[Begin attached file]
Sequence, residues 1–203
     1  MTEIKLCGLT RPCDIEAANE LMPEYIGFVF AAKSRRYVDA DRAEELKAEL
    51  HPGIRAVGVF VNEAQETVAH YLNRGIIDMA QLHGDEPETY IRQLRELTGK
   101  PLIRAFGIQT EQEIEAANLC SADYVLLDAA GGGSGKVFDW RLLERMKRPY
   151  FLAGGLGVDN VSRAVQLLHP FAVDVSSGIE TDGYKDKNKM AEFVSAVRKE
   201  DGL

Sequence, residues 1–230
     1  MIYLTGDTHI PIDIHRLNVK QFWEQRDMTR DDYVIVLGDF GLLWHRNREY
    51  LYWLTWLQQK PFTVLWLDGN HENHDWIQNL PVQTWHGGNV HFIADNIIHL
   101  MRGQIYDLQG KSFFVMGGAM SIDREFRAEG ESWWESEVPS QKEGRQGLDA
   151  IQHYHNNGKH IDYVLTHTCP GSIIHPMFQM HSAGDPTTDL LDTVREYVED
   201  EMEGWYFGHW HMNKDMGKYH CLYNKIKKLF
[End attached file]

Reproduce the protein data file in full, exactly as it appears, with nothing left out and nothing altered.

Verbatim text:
Sequence, residues 1–203
     1  MTEIKLCGLT RPCDIEAANE LMPEYIGFVF AAKSRRYVDA DRAEELKAEL
    51  HPGIRAVGVF VNEAQETVAH YLNRGIIDMA QLHGDEPETY IRQLRELTGK
   101  PLIRAFGIQT EQEIEAANLC SADYVLLDAA GGGSGKVFDW RLLERMKRPY
   151  FLAGGLGVDN VSRAVQLLHP FAVDVSSGIE TDGYKDKNKM AEFVSAVRKE
   201  DGL

Sequence, residues 1–230
     1  MIYLTGDTHI PIDIHRLNVK QFWEQRDMTR DDYVIVLGDF GLLWHRNREY
    51  LYWLTWLQQK PFTVLWLDGN HENHDWIQNL PVQTWHGGNV HFIADNIIHL
   101  MRGQIYDLQG KSFFVMGGAM SIDREFRAEG ESWWESEVPS QKEGRQGLDA
   151  IQHYHNNGKH IDYVLTHTCP GSIIHPMFQM HSAGDPTTDL LDTVREYVED
   201  EMEGWYFGHW HMNKDMGKYH CLYNKIKKLF